This is the final installment of a five-part series by regular Triple Crisis contributor Ali Kadri, Senior Research Fellow at the Middle East Institute, National University of Singapore, and author of Arab Development Denied: Dynamics of Accumulation by Wars of Encroachment (Anthem Press).
The series is based on an interview he granted to the Center for the Study of Human Rights at the London School of Economics (LSE). The original interview is available here. The previous parts as they appeared on Triple Crisis, with Dr. Kadri’s revisions and additions, are available here, here, here, and here.
The Laboratory for Advanced Research on the Global Economy [part of the Centre for the Study of Human Rights, London School of Economics] has as its objectives to provide a hub for creative work across disciplines and [to proceed] from theory to practice on issues central to concerns about justice under conditions of globalisation. How might the Lab’s mandate help inform your research?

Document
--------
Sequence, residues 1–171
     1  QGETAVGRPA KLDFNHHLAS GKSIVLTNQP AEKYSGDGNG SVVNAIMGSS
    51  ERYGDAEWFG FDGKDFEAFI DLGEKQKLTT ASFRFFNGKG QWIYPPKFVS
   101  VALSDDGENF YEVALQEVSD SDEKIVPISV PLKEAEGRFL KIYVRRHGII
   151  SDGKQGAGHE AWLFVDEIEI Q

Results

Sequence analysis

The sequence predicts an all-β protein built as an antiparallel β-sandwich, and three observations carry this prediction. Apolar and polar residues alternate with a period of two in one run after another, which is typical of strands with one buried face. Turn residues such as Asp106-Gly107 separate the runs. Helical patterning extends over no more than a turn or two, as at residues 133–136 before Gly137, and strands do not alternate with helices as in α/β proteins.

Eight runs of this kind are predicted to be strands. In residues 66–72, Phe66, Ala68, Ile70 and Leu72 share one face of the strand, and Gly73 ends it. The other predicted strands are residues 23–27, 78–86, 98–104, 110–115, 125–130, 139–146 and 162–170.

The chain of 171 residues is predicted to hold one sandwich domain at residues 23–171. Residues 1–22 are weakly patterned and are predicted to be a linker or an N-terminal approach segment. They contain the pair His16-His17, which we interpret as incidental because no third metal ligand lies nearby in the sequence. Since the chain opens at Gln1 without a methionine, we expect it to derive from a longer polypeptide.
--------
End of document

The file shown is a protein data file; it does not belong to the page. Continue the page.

The Lab anchors studies of development in the necessity to observe human rights as part of the broader picture to which societies may aspire in their day to day existence. The observance of human rights is not a luxury, but rather an obligation that states ‘must’ adhere to under international law. The overwhelming majority of states have ratified the international covenants on economic and social rights and the right to development. Yet, international law is the treaty attendant on the sovereignty of states. Sovereignty in turn is the rule and security of a dominant social class. Nations, such as those of the Arab world, whose working class security and sovereignty are voided by an alliance of international capital and their own merchant-bourgeoisie, can neither join a community of nations nor observe the application of the right to development in their favour.